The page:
GERHARD 'ANDY' HEINTZ: Vocals (sore), additional instrumentation (saw).
MAЯC BUЯЯOWS: Guitar (bass), vocals (treble).
JEZ MILLER: Drums (rhythm), overall mood (blues).
The Men That Will Not Be Blamed For Nothing Bio:
“I've always preferred 'Victorian-themed punk rock',” says Andy Heintz, charismatic pink-bearded frontman with The Men That Will Not Be Blamed For Nothing, when asked to give a name to the band's genre. Andrew O'Neill, guitarist/vocalist and co-founder, pauses for a second then grabs the perfect self-description out of the ether. “Anachro-Punk!”
Formed ten years ago, but with hearts rooted firmly in 1888, The Men That Will Not Be Blamed For Nothing (the name, of course, derives from a chalk inscription found in Whitechapel near the bloodied apron of Ripper victim Catherine Eddowes) are a band who have been closely associated with the Steampunk subculture.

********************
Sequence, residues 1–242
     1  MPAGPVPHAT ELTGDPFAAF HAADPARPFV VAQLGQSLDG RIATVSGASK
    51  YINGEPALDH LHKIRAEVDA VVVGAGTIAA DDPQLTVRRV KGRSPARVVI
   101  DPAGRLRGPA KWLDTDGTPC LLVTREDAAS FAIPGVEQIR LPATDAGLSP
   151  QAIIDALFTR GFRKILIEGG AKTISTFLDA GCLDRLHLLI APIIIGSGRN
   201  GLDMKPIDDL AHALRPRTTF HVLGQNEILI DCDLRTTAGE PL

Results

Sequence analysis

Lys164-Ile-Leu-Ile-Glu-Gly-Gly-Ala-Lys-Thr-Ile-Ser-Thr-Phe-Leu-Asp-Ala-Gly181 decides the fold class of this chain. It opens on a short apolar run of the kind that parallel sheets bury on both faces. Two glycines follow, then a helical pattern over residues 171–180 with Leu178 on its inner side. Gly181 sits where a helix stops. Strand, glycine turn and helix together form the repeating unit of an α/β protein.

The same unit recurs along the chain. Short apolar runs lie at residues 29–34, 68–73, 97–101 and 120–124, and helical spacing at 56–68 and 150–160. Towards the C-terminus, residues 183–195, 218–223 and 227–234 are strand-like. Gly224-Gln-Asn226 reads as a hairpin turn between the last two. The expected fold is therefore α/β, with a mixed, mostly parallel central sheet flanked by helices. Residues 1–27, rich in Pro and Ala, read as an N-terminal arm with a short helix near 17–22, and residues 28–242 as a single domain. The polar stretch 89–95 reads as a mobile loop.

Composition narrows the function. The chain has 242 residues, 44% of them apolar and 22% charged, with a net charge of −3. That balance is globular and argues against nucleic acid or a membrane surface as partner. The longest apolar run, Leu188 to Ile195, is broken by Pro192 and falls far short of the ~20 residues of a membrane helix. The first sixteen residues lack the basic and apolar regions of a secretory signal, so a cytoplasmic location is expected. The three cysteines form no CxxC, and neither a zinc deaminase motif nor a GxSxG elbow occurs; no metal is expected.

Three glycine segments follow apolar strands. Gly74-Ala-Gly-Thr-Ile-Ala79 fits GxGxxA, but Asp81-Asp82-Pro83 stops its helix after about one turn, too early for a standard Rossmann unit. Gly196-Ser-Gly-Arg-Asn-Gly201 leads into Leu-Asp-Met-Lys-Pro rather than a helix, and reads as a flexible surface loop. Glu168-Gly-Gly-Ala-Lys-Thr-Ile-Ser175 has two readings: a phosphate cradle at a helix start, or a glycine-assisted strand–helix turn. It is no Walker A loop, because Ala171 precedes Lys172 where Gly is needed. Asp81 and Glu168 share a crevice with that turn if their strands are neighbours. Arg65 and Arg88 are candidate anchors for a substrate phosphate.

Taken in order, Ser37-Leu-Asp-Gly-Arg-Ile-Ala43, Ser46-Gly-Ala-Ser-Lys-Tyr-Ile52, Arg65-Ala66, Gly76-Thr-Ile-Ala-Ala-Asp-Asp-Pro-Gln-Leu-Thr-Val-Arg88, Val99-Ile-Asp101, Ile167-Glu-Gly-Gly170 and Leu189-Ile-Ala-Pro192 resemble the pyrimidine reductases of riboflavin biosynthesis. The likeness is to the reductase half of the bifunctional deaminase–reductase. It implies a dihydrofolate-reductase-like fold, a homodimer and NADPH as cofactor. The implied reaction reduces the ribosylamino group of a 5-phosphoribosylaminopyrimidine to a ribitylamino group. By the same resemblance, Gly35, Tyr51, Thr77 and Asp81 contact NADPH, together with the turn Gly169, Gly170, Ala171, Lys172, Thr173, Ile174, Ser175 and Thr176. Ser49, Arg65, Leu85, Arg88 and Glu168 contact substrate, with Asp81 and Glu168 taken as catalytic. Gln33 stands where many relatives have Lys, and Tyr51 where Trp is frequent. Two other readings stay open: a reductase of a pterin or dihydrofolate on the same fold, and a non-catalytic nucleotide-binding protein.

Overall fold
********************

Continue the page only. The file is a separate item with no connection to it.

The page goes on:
The band always had mixed feelings about the S-word, as signaled by their sardonically-titled debut album Now That's What I Call Steampunk Vol.1 (later renamed The Steampunk Album That Cannot Be Named For Legal Reasons after a cease-and-desist warning from EMI, owners of the Now! Series). A decade later, when Steampunk subculture is so far overground that you can buy whole outfits off the peg in fancy dress shops, The Men are happy to move beyond the label. “A couple of years ago,” says O'Neill, “I put out a zine called Fuck Steampunk, which started 'Hello, cunts! So, Steampunk's pretty shit now, isn't it?' My personal vision of what Steampunk could have been was this anarchist future-dystopian skill-sharing thing. Let's learn how to make stuff, let's learn how to fix stuff. There's a great book about this called The Steampunk Guide To The Apocalypse. But what it became was people dressing up at weekends.”